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Apocalypse Never

Why Environmental Alarmism Hurts Us All
Written by: Michael Shellenberger
Narrated by: Stephen Graybill
Length: 12 hrs and 18 mins
4.8 out of 5 stars (95 ratings)

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Publisher's Summary

Climate change is real, but it’s not the end of the world. It is not even our most serious environmental problem.

Michael Shellenberger has been fighting for a greener planet for decades. He helped save the world’s last unprotected redwoods. He co-created the predecessor to today’s Green New Deal. And he led a successful effort by climate scientists and activists to keep nuclear plants operating, preventing a spike of emissions.

But in 2019, as some claimed "billions of people are going to die", contributing to rising anxiety, including among adolescents, Shellenberger decided that, as a lifelong environmental activist, leading energy expert, and father of a teenage daughter, he needed to speak out to separate science from fiction.

Despite decades of news media attention, many remain ignorant of basic facts. Carbon emissions peaked and have been declining in most developed nations for over a decade. Deaths from extreme weather, even in poor nations, declined 80 percent over the last four decades. And the risk of Earth warming to very high temperatures is increasingly unlikely thanks to slowing population growth and abundant natural gas.

Curiously, the people who are the most alarmist about the problems also tend to oppose the obvious solutions.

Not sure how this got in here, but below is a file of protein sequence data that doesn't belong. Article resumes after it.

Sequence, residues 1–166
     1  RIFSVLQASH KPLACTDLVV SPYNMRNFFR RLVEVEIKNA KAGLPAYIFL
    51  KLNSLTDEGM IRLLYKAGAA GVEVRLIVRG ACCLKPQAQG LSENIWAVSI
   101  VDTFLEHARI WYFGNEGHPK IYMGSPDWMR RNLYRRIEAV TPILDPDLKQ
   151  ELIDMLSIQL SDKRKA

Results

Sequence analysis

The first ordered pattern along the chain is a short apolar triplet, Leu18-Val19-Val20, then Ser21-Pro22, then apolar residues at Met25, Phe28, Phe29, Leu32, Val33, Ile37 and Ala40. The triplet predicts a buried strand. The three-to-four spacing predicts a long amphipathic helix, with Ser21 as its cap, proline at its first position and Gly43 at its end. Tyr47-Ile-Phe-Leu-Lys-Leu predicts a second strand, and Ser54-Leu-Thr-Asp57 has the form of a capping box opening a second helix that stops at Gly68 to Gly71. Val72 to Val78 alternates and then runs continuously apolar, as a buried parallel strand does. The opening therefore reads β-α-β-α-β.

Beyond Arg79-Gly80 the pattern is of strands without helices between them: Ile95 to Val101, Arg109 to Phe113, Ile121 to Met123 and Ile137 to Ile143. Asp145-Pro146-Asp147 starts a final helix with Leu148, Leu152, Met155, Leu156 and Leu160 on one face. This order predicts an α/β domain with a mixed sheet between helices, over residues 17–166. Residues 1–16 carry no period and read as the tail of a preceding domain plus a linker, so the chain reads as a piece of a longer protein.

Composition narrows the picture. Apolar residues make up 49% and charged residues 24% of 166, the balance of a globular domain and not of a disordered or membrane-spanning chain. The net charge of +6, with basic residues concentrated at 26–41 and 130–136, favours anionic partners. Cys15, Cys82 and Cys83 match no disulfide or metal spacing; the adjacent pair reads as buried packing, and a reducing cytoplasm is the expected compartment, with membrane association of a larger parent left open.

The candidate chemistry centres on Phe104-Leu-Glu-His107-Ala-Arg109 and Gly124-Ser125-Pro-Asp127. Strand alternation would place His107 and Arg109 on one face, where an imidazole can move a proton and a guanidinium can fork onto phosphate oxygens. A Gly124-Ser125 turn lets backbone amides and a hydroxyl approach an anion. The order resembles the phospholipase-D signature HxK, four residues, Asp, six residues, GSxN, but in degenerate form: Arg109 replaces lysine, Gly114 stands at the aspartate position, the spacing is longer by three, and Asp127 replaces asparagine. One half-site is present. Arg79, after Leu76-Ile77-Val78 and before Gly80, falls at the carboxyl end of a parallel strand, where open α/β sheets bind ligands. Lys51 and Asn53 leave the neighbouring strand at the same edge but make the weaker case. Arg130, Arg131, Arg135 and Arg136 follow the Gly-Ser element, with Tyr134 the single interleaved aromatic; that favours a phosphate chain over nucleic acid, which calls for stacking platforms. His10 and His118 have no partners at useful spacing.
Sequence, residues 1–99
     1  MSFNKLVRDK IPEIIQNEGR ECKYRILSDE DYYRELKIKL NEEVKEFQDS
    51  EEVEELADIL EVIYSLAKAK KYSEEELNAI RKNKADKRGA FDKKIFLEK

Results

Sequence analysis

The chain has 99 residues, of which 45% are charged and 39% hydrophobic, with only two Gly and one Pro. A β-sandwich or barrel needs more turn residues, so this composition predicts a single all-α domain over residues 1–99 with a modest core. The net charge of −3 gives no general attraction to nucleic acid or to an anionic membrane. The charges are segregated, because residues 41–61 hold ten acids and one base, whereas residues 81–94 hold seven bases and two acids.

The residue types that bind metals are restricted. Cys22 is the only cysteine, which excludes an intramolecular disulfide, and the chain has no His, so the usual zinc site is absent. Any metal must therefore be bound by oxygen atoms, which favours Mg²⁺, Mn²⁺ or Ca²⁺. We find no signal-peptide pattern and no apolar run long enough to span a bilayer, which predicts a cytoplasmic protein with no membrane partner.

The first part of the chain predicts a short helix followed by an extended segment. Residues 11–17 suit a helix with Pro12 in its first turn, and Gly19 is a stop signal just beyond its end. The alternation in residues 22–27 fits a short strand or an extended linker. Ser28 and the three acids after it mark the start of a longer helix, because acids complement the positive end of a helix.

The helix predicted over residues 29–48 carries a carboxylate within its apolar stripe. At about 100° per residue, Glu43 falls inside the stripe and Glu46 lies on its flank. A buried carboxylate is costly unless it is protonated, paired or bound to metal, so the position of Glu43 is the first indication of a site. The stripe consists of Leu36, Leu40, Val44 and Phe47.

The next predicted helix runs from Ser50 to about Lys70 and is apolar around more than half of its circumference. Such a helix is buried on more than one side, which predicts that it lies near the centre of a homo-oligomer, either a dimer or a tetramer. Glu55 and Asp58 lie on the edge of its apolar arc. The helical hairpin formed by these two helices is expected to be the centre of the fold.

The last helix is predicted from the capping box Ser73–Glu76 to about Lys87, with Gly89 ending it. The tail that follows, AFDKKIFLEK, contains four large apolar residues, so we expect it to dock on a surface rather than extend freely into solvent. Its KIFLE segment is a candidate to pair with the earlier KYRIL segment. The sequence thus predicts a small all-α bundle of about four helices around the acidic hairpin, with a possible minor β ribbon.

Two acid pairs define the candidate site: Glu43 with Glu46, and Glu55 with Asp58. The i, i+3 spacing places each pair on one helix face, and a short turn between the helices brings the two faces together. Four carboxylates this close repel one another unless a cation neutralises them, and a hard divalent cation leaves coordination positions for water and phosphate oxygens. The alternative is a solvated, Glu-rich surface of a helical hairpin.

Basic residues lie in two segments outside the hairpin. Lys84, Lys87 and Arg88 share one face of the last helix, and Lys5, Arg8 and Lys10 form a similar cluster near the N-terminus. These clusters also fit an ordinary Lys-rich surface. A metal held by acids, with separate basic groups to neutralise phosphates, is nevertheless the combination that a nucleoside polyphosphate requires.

What’s really behind the rise of apocalyptic environmentalism? There are powerful financial interests. There are desires for status and power. But most of all, there is a desire among supposedly secular people for transcendence. This spiritual impulse can be natural and healthy. But in preaching fear without love, and guilt without redemption, the new religion is failing to satisfy our deepest psychological and existential needs.

©2020 Michael Shellenberger (P)2020 HarperCollins Publishers

What listeners say about Apocalypse Never

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Level Headed thinking

It was refreshing to hear. Environmentalism based on reality not alarmism. This i agree with.

3 people found this helpful

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A compelling rational approach to climate change

A recommended read for those looking for a rational unemotional science based assessment of climate change. The narrator was a bit to somber for me but overall a well written book

2 people found this helpful

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Climate and Environmental Sanity

Easily one of the most important books I've listened to in the past three years. This is a well researched, well thought out response to the climate and ecological hysteria that dominates today's media and punditry. The answers to many of the world most challenging problems are staring us straight in the face, and Mr. Schellenberger delivers those answers with insight and efficiency. Anyone who considers themselves a moderate and reasonable should read this book. It is the most sensible pathway forward for anyone who cares about making our respective communities, countries and the world a better place.

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Required Reading